Money in Politics: This Time, Its Different
click for print view
by David Hauck |
Four years ago, the Obama campaign harnessed social media and the internet to bring in unprecedented amounts of political contributions from small donors. Nothing like it had ever been seen in previous presidential elections and several commentators talked about how the ability to raise hundreds of millions of dollars from millions of small donors represented a turning point in campaign finance. In future elections, they said, candidates could avoid the corrupting influence of, and dependence on, large donors with special interests and, instead, tap into a vast network of small donors. But this optimistic scenario was snuffed out by the 2010 Supreme Court decision in Citizens United v. Federal Election Commission (FEC).
Money in Politics: This Time, It’s Different
By David Hauck—Four years ago, the Obama campaign harnessed social media and the internet to bring in unprecedented amounts of political contributions from small donors. Nothing like it had ever been seen in previous presidential elections and several commentators talked about how the ability to raise hundreds of millions of dollars from millions of small donors represented a turning point in campaign finance. In future elections, they said, candidates could avoid the corrupting influence of, and dependence on, large donors with special interests and, instead, tap into a vast network of small donors. But this optimistic scenario was snuffed out by the 2010 Supreme Court decision in Citizens United v. Federal Election Commission (FEC) .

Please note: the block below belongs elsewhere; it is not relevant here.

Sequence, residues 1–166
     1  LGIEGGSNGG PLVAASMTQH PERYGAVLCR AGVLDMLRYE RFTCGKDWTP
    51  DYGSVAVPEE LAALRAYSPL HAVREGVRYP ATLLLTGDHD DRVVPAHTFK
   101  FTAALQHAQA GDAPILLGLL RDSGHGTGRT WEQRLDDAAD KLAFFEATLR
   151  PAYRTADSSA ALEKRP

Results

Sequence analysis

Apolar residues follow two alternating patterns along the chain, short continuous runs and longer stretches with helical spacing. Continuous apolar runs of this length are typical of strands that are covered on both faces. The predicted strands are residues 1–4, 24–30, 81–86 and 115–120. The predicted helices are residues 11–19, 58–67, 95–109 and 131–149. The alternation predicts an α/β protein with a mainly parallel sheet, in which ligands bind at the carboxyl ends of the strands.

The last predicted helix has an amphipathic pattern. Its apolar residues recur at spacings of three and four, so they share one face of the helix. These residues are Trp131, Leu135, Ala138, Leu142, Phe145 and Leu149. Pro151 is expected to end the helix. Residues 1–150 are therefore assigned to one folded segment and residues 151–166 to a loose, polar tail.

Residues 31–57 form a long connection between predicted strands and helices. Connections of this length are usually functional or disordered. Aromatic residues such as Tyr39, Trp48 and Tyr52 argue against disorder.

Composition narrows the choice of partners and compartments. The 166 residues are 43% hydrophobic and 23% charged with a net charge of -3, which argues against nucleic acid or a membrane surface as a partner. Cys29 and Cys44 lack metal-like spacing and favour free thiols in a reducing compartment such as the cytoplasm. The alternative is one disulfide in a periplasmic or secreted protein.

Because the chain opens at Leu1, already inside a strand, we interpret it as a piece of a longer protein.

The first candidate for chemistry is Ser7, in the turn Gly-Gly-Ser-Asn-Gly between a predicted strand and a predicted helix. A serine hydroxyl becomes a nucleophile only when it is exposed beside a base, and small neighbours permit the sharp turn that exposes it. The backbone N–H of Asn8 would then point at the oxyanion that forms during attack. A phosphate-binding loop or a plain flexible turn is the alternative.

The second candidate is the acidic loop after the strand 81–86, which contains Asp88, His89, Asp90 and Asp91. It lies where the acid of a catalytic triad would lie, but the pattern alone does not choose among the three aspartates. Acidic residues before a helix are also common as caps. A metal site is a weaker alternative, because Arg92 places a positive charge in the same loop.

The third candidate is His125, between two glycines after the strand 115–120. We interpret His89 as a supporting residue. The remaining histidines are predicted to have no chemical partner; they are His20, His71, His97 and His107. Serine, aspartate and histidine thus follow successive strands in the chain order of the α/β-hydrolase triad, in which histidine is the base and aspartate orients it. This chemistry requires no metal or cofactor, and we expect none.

In the Citizens United decision, five of the nine Supreme Court justices found that political spending is a form of protected speech under the First Amendment to the Constitution, and that corporations and unions could spend unlimited amounts of money to support or oppose individual candidates as long as these efforts were not coordinated with the candidate’s campaign. Although there have always been loopholes that corporations, wealthy individuals and unions willing to skirt the edges of campaign finance laws could use, the legal ambiguities that hung over them restricted this from happening. After Citizens United those legal clouds disappeared, and large donors poured money into the 2010 congressional races.
The Avenues Contributions Take
These unlimited political contributions flow through two channels. The best known are the super PACs (super political action committees), which can spend money to encourage voters to choose or oppose a candidate through ads, mailings and phone calls as long as these activities are not coordinated with the candidate’s campaign. These PACs are “super” because, unlike a candidate’s own PAC, which is legally limited in the amount it can receive from a single donor, they can accept unlimited amounts of money. Super PACs are legally required to disclose the names of their donors to the FEC, which is why, for the most part, corporations do not give them money and, therefore, avoid possible negative publicity or consumer reaction.